The main reason for using margin trading is to increase the potential profits without being limited by the lack of available cash. For example, if you invest $500 in a stock, it may take a significant rise in the price to make a decent amount of cash, especially if there are fixed transaction costs. If you use margin trading to invest $10,000 in the stock, it will only take a small rise in the price to make the same profit. Of course, margin trading also increases the potential for losses.
Standard Margin Requirements
A stockbroker who lends money to an investor protect himself against the investor's failure to repay and the potential for loss after selling the shares that serve as collateral. To minimize risk, the stockbroker requires the investor to put up extra cash if the stock price falls. This is known as maintaining the margin. Most margin trading in the U.S. is regulated by the Federal Reserve Board, the New York Stock Exchange or the National Association of Securities Dealers, according to the Securities and Exchange Commission. Generally you must put up the cash for at least half the total stock purchase, with the rest provided by the stockbroker on margin.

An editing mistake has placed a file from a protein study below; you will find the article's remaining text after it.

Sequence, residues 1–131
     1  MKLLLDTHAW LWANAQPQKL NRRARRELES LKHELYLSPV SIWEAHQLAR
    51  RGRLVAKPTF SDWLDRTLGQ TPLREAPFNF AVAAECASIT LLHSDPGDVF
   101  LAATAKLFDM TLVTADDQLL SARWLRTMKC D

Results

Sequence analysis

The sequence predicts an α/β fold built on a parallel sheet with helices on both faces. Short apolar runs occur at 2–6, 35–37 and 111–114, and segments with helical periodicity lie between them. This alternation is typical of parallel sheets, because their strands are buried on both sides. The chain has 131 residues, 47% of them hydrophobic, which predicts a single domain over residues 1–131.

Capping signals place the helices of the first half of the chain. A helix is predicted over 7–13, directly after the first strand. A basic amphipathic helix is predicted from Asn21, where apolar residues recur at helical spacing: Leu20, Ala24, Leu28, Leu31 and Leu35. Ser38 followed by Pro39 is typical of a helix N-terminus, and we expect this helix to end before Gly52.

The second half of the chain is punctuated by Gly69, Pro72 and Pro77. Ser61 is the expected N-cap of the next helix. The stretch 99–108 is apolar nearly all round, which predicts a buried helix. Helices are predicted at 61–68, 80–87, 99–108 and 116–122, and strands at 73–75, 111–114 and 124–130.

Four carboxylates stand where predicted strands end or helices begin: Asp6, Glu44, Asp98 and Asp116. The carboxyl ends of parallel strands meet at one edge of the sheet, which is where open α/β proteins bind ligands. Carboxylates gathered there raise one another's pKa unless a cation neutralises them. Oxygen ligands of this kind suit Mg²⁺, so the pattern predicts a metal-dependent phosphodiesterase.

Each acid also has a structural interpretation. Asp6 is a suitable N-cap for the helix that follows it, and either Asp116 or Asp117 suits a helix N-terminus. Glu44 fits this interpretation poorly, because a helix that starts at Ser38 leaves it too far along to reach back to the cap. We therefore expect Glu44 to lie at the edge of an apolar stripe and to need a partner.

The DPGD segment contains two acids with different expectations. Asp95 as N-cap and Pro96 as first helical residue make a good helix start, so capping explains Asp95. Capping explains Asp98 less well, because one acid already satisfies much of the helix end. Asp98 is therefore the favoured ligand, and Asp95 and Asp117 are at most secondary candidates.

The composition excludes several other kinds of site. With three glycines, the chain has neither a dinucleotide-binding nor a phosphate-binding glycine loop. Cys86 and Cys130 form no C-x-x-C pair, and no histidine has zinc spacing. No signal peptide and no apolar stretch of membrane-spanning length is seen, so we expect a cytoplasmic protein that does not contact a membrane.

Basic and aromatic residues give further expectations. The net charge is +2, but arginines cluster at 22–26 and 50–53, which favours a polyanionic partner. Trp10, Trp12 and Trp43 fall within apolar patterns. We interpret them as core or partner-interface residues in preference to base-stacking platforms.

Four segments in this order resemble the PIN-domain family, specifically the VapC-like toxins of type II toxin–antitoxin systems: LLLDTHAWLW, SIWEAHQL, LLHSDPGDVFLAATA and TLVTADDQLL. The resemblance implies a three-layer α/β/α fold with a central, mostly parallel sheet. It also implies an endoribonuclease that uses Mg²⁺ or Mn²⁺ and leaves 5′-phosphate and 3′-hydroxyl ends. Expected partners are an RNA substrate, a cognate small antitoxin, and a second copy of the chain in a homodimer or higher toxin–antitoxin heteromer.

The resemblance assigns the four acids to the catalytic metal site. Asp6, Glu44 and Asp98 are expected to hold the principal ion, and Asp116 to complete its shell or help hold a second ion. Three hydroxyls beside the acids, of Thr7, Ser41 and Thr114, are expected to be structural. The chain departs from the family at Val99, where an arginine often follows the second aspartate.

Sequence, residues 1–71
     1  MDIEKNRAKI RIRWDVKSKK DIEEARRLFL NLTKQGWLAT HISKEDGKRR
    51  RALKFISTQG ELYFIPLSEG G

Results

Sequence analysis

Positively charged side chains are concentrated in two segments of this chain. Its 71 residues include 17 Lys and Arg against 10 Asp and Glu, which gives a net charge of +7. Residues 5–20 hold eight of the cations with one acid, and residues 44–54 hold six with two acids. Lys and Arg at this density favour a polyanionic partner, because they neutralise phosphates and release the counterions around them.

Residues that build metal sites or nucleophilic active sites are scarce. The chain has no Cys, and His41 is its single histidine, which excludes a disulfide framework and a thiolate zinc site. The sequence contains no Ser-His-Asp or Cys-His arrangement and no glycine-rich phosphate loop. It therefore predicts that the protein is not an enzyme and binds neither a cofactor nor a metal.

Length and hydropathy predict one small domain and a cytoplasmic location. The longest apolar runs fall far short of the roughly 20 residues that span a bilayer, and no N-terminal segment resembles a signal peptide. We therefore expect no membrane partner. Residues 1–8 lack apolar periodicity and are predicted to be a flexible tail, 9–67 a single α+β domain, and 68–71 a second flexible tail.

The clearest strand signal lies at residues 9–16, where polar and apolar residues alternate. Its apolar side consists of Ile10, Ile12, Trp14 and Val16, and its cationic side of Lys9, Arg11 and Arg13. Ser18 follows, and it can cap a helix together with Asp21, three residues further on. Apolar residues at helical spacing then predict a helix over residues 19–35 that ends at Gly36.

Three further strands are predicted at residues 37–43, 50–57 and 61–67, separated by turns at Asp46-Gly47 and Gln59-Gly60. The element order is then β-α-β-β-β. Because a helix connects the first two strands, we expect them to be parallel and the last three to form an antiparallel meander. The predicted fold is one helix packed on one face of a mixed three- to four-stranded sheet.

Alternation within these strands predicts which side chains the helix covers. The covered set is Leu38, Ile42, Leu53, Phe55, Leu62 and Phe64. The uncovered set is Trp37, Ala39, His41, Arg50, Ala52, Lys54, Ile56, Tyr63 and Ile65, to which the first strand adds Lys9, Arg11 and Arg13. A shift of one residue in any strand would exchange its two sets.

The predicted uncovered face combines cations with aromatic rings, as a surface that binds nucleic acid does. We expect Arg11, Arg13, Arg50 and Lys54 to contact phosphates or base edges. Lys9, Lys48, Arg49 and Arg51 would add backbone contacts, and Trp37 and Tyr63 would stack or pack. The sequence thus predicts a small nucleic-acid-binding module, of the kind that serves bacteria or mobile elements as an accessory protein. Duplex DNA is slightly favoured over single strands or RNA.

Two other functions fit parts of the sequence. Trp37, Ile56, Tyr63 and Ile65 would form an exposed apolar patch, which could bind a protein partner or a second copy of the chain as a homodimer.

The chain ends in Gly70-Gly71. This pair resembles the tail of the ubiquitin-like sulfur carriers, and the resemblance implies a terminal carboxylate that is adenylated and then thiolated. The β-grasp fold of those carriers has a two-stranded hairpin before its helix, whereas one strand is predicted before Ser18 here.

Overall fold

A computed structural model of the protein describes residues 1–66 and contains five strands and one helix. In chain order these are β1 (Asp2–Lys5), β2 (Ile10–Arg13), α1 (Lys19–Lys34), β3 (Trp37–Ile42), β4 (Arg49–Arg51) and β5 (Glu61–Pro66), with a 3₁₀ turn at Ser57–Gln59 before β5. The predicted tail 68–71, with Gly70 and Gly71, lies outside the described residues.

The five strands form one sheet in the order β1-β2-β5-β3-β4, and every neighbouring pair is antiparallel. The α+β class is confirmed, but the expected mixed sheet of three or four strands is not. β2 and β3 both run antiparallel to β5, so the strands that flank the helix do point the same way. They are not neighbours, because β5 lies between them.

Another ongoing margin requirement is known as a maintenance requirement. The Financial Industry Regulatory Authority requires that at all times the investor's equity, which is the current market value of the stocks minus the amount the investor borrowed, must be at least 25 percent of the current market value of the stocks. If this is not the case, the investor can be forced to repay some of the borrowed money to rectify the shortfall.
Special Margin Requirements: Stockbrokers
Some stockbrokers have higher maintenance margin requirements -- often in the range of 30 to 40 percent. The effect is that it takes a smaller drop in the stock price before the investor's equity is too low and the investor is forced to put up extra cash.
Special Margin Requirements: Stocks
While stockbrokers have a standard margin requirement for customers, they may have a special higher margin requirement for particular stocks. Usually these are stocks with a history of volatility, meaning the price changes dramatically. These higher margin requirements mean it can only take a tiny drop in the stock price before the investor has to put up more cash. Note that the precise effects depends on how much money the investor puts up in the first place compared with how much he borrows.